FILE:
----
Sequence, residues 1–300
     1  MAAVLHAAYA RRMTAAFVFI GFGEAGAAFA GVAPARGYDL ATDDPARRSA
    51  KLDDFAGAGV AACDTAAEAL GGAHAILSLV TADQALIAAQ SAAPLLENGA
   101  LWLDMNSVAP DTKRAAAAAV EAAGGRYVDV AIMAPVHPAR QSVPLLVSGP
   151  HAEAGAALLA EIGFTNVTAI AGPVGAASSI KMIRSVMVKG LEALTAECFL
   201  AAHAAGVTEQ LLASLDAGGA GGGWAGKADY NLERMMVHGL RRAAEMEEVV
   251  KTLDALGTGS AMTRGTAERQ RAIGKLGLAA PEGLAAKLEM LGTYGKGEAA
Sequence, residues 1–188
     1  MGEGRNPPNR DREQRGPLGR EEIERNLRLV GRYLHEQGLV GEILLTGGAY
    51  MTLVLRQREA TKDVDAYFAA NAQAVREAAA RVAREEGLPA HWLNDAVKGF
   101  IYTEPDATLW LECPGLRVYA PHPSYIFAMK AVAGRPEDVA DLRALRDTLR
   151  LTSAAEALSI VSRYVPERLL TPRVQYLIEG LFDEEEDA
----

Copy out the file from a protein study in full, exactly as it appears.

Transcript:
Sequence, residues 1–300
     1  MAAVLHAAYA RRMTAAFVFI GFGEAGAAFA GVAPARGYDL ATDDPARRSA
    51  KLDDFAGAGV AACDTAAEAL GGAHAILSLV TADQALIAAQ SAAPLLENGA
   101  LWLDMNSVAP DTKRAAAAAV EAAGGRYVDV AIMAPVHPAR QSVPLLVSGP
   151  HAEAGAALLA EIGFTNVTAI AGPVGAASSI KMIRSVMVKG LEALTAECFL
   201  AAHAAGVTEQ LLASLDAGGA GGGWAGKADY NLERMMVHGL RRAAEMEEVV
   251  KTLDALGTGS AMTRGTAERQ RAIGKLGLAA PEGLAAKLEM LGTYGKGEAA
Sequence, residues 1–188
     1  MGEGRNPPNR DREQRGPLGR EEIERNLRLV GRYLHEQGLV GEILLTGGAY
    51  MTLVLRQREA TKDVDAYFAA NAQAVREAAA RVAREEGLPA HWLNDAVKGF
   101  IYTEPDATLW LECPGLRVYA PHPSYIFAMK AVAGRPEDVA DLRALRDTLR
   151  LTSAAEALSI VSRYVPERLL TPRVQYLIEG LFDEEEDA